No I wouldn't. And my kids did and do play football. And, trust me, they've been yelled at by the best of the best.

    But no one has ever called them an f'ing cunt, or a disgrace to cripples everywhere.
    They've never been coached by a former Drill Sergeant. There are 18 year-old kids enduring far worse in Basic.

  16. #16
    Quote Originally Posted by NorthwestUteFan View Post
    If your kids played football you would laugh at the tame, wacky shenanigans the basketball team endured.
    lol so true.
    One thing I have learned in a long life: that all our science, measured against reality, is primitive and childlike -- and yet it is the most precious thing we have.

    --Albert Einstein

    The fact that life evolved out of nearly nothing, some 10 billion years after the universe evolved out of literally nothing, is a fact so staggering that I would be mad to attempt words to do it justice.

    --Richard Dawkins

    Be kind to all, for everyone you meet is fighting a great battle.

    --Philo

  17. #17
    Quote Originally Posted by Two Utes View Post
    No I wouldn't. And my kids did and do play football. And, trust me, they've been yelled at by the best of the best.

    But no one has ever called them an f'ing cunt, or a disgrace to cripples everywhere.

    -after thinking about this further, this is like having a conversation with people about Adolph Rupp in the 1960s and them defending him about his prevailing attitudes about basketball players.

    Bottom line is, Majerus has made his bed. Sooner or later you will all come around to agreeing with me on this.
    I don't appreciate your language.


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  18. #18
    Rick Majerus was a highly complicated person , and nothing about him was black and white. We can allow him his complexity, while simultaneously celebrating him.

    You are fully welcome to start a Criticism of Rick Majerus thread, as most of us will have something to add to that thread as well.

  19. #19
    Sam the Sheepdog LA Ute's Avatar
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    Complex man. His complexity caught up with him at Utah, and later in his life.

    He demanded excellence, his generosity was legendary, and those who worked most closely with him loved him and were devoted to him. That's not a bad epitaph right there.


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    Last edited by LA Ute; 10-06-2015 at 10:55 AM.

    "It is only with the heart that one can see rightly; what is essential is invisible to the eye."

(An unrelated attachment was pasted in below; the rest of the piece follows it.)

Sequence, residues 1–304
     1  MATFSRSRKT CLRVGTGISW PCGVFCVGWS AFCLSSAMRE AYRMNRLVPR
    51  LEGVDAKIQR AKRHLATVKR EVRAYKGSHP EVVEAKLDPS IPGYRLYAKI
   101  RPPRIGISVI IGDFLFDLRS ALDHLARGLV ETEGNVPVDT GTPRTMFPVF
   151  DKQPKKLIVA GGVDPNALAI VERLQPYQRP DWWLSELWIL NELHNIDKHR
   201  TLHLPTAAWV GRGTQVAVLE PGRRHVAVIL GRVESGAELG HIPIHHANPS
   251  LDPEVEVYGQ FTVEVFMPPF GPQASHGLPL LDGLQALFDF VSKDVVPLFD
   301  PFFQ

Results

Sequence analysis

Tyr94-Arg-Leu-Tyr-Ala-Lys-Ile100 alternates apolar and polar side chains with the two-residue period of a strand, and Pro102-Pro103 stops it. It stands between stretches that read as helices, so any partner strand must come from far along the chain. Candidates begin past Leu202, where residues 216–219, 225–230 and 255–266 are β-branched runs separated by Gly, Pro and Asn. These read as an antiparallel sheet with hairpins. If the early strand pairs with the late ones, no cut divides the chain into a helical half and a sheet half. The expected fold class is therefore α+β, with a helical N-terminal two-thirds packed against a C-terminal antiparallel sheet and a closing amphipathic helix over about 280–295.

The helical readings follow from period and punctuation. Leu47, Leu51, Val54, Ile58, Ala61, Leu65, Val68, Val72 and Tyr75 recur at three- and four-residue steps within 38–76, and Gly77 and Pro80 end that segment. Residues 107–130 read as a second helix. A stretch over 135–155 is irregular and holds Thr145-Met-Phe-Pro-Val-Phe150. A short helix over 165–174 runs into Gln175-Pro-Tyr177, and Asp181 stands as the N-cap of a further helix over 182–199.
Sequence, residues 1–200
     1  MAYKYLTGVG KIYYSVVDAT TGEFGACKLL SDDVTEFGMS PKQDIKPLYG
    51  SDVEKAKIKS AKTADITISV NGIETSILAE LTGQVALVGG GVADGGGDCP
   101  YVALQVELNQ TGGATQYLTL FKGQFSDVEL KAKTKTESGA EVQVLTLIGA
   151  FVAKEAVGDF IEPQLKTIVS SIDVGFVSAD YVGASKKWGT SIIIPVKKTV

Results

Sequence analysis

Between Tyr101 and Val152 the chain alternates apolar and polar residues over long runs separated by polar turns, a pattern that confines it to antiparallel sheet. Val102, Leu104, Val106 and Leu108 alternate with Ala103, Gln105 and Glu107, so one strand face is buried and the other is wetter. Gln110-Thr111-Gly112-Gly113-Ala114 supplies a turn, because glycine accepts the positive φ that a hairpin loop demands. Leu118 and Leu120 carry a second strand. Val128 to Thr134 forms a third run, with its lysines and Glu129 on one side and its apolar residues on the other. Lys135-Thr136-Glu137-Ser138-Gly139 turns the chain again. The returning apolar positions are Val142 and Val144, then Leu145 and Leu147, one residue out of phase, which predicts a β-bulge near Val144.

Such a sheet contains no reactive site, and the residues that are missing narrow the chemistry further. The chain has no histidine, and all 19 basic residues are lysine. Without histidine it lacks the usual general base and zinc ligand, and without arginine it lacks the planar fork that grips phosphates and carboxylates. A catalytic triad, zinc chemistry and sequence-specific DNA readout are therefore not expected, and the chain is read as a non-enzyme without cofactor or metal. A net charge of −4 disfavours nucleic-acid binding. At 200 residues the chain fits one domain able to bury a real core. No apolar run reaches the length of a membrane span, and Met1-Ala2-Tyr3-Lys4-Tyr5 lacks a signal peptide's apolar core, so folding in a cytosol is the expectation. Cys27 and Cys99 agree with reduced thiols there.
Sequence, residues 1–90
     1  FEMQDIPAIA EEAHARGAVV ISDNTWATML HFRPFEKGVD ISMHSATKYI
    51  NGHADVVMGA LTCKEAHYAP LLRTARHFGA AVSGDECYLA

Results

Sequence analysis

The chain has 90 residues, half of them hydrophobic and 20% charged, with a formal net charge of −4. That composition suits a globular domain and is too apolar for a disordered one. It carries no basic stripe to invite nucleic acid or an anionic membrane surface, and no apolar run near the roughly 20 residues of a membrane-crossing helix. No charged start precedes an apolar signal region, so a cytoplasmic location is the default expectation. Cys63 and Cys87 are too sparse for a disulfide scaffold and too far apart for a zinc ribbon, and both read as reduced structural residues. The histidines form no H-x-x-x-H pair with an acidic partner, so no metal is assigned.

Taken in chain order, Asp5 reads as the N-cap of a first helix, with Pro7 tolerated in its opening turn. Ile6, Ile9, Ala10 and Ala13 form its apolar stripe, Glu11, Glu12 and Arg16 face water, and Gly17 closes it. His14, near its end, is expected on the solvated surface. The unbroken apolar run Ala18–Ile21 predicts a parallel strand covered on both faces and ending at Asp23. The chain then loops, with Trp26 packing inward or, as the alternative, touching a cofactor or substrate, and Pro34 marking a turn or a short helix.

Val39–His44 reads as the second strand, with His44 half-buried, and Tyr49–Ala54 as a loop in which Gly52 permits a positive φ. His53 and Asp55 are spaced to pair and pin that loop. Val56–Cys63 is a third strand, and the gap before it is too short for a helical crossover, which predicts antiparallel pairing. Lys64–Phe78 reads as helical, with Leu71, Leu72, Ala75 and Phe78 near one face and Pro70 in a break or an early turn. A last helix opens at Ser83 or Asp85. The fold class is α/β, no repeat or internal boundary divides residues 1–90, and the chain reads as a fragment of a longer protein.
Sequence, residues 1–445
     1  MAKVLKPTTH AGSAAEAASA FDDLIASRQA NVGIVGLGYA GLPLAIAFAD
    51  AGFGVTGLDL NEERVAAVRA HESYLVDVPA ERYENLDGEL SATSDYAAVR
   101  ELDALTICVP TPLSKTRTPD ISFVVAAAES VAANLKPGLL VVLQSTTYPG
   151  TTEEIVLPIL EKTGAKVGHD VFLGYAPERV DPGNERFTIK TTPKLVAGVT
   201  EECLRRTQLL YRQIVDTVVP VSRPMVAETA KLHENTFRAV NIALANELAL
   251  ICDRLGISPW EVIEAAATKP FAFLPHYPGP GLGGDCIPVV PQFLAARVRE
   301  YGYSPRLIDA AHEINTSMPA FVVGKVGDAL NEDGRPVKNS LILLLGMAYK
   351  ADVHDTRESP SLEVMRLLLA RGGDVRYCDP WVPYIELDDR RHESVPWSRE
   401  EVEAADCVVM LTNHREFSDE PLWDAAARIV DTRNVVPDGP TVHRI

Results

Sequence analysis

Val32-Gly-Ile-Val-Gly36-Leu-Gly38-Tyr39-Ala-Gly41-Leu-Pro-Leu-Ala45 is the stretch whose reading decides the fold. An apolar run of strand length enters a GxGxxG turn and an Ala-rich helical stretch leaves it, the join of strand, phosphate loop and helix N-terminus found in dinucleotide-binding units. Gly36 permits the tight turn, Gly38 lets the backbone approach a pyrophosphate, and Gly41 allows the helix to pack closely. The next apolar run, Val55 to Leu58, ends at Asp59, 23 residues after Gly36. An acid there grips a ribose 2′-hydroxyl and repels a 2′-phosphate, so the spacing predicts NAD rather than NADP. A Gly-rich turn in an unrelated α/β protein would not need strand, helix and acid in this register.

--Antoine de Saint-Exupery

    "Things fall apart; the centre cannot hold."
    --Yeats

    “True, we [lawyers] build no bridges. We raise no towers. We construct no engines. We paint no pictures - unless as amateurs for our own principal amusement. There is little of all that we do which the eye of man can see. But we smooth out difficulties; we relieve stress; we correct mistakes; we take up other men's burdens and by our efforts we make possible the peaceful life of men in a peaceful state.”

    --John W. Davis, founder of Davis Polk & Wardwell

  20. #20
    This is the Rick Majerus Memorial thread! If you want to spit on the best coach in Utah history, do it in your own thread!

  21. #21
    Ill never forget Rick Majerus basketball camp 2000. He showed up for about a half hour late in the week, sat on an 8 year old for having a poor defensive stance, and then went on his way. Alex Austin (brother of former Jazz player Ike Austin) threw a folding chair at me because I wasn't playing the way he wanted me to. I was always terrible at basketball, but it was then that I realized that that was a blessing because to succeed at this game meant having to deal with buffoons like Majerus and Austin.

    Still, Majerus did so much for the program. If I have to pick, Ill take Jack Gardner, but man, big Rick could get every last ounce of production out of people.

  22. #22
    Quote Originally Posted by UtahsMrSports View Post

    Still, Majerus did so much for the program. If I have to pick, Ill take Jack Gardner, but man, big Rick could get every last ounce of production out of people.
    I know it's still early, but I can see Krystkowiak becoming a Runnin' Ute coach that we talk about with the same awe and respect as Gardner and Majerus. To me, the only factor in this equation is how long he decides to stay here. If he plants his roots until the end of his career, he'll be a legend here. I have no idea how that vision lines up with his own goals in life. There are blue-er blood collegiate programs he would thrive annually in (imagine what he'd do taking over for the real Coach K when he retires soon), and succeeding as an NBA coach is still the pinnacle of success in the basketball coaching field. I could see him taking one more whack at that.